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Four years after the dawn of the VSCO Girl, VSCO wants you to know that it’s very much alive. Photographers and other aesthetically-inclined creators still flock to the app’s suite of tools, which imbue the editing process with joy while still providing the creative control that visual artists value.

If you wouldn’t be caught dead using Mayfair, you’re probably already familiar with VSCO’s vast palette of lush, film-inspired filters. That deep collection of photo filters coupled with the app’s serene, vibes-above-all design make it a natural digital studio space for creators who still care a lot about the look and feel of what they post.

“They can be authentic, they can explore their creativity; increasingly, they can connect with others and build community around that and really pursue whatever goals and aspirations they have,” VSCO President Eric Wittman told TechCrunch.

As social media trends toward the casual and chaotic, VSCO warriors everywhere are still meticulously white balancing and A/B testing images, matching tone and vibes alike before a single photo gets minted onto their Instagram feed.

And while VSCO’s photo editing DNA runs deep, the app has learned a lot about its community over the years, including that users are increasingly looking for connections rather than just hunkering down in their respective editing silos (though they’re definitely still doing that too).

“A lot of people come because, you know, they love VSCO for the filters,” Wittman said. “They love the looks that we have delivered, they love the high quality content that they see… What we’re finding though, is that a lot of people were sort of meeting new people or being inspired by other people on VSCO, but then they didn’t really have a way to interact with them.”

VSCO Spaces discussion

Image Credits: VSCO

VSCO made a plan to capture some of that emergent behavior and last year launched Spaces — collaborative galleries where photographers can upload images around a theme and chat about their process (“under the rim,” an artful collection of basketball shots, is one of the most popular). By normal social media standards, VSCO is still downright anti-social — chat features are very limited and blissfully don’t incentivize engagement — but the app plans to slowly, deliberately weave in more ways for its creators to connect with one another.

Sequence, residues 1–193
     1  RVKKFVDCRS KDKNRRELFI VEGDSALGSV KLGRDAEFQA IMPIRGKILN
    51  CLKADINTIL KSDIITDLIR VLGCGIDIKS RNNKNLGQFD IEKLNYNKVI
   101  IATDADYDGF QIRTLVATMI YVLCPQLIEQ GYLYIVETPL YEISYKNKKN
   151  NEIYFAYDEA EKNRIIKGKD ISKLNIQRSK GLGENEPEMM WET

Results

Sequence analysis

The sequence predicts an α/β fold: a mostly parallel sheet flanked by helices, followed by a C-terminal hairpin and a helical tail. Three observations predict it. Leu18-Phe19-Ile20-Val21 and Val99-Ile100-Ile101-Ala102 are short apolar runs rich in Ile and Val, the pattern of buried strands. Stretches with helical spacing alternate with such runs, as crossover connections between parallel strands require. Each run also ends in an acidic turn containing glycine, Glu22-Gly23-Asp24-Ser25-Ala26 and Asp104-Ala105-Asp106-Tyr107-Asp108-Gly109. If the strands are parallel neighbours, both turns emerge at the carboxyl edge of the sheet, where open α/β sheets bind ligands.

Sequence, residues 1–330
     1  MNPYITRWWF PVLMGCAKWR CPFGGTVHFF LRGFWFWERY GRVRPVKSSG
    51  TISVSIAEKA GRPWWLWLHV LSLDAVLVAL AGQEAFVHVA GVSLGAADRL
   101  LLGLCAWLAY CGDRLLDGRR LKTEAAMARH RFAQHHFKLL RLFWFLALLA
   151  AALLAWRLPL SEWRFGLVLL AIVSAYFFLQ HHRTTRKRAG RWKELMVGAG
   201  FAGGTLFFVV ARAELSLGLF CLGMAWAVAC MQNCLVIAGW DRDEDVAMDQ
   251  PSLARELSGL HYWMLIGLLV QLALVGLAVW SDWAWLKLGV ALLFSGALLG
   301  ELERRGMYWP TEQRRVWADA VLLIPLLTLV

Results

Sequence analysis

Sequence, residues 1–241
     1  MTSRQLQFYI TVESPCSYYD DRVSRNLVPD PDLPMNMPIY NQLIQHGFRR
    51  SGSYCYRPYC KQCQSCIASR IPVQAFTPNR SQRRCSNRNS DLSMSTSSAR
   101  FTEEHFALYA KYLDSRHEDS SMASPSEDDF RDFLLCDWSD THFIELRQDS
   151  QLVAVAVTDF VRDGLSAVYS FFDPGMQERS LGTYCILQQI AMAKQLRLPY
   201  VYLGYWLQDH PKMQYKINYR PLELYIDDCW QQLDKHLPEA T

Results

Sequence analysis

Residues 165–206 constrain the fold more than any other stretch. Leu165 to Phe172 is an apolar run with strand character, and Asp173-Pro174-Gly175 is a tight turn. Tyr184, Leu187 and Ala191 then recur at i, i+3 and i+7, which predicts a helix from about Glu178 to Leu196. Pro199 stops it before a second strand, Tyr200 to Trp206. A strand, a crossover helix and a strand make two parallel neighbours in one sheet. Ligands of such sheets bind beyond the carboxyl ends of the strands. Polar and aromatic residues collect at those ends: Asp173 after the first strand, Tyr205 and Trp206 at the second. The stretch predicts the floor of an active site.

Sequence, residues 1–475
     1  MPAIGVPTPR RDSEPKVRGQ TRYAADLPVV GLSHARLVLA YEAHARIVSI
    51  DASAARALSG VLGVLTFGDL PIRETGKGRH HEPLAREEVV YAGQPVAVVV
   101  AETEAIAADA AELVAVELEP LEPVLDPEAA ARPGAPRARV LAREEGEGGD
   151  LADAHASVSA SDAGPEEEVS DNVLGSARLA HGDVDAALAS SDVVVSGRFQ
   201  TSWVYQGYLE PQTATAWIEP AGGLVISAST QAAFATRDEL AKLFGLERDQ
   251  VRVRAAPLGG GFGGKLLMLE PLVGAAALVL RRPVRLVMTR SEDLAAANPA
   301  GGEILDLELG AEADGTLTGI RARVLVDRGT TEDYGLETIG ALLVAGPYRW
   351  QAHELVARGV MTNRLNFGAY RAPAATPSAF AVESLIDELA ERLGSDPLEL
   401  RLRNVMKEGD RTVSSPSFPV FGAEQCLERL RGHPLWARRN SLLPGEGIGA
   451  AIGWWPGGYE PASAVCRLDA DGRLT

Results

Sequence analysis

“We still want to be that trusted place, you know,” Wittman said. “This is why we still don’t do likes and comments. People walk into VSCO… like, wow, I can be myself here. I can learn from others. I can be inspired by others. And I’m not judged.”

With a set of new features that will roll out in mid-March, the app is expanding those early social features.

VSCO will make it possible for users to share text-based posts in Spaces, a rare departure from VSCO’s laser-focus on visual art. The app will also begin letting users message one another regardless of follow status. Paid subscribers (VSCO is $7.99 monthly or $29.99 yearly) will get unlimited messages while free users can strike up three new conversations per day with people who don’t follow them. Continuing conversations and replies won’t be limited.

The app will also make it easier for Spaces users to share what happens there beyond VSCO’s very low-walled garden with new 9×16 auto-generated images, optimized for Instagram Stories and the like. Users will be able to fully preview Spaces before joining them in order to get a feel for those communities without having to join and unjoin if the fit isn’t there.

VSCO Spaces

Image Credits: VSCO

Some other changes are mostly quality of life improvements, like batch uploads for Spaces and a draft save feature for Collage and Montage, VSCO’s tools for layering images and stitching photos and videos together. The app will also launch eight new filters designed for creators who focus on video (while VSCO mostly caters to photographers, it doesn’t leave folks who enjoy video out in the cold either).

Most social apps are all about blocking off the exits and keeping people listlessly scrolling around for as long as possible, but VSCO encourages its users to post widely beyond the app. It’s ironic that VSCO — one of Instagram’s main staging grounds — has long exuded the rare confidence of a product that people are happy to pay for. The company’s ethos, reflected thoughtfully at every level of the app’s design, shares little in common with the behavioral tricks and ad-choked feeds that characterize long-dominant social apps.

With upcoming investments into cross-platform support, social features and, of course, its core creation tools, VSCO plans to give creators more to do on an app they already love to use.

“We were seeing people go to other platforms and kind of get blinded by the light there — you know, algorithms and ads,” Wittman said. “But we want to encourage people to actually stay on platform now and continue to engage with those people that you’re inspired by, that you’re curious to learn from [and] build that really true sense of community.”

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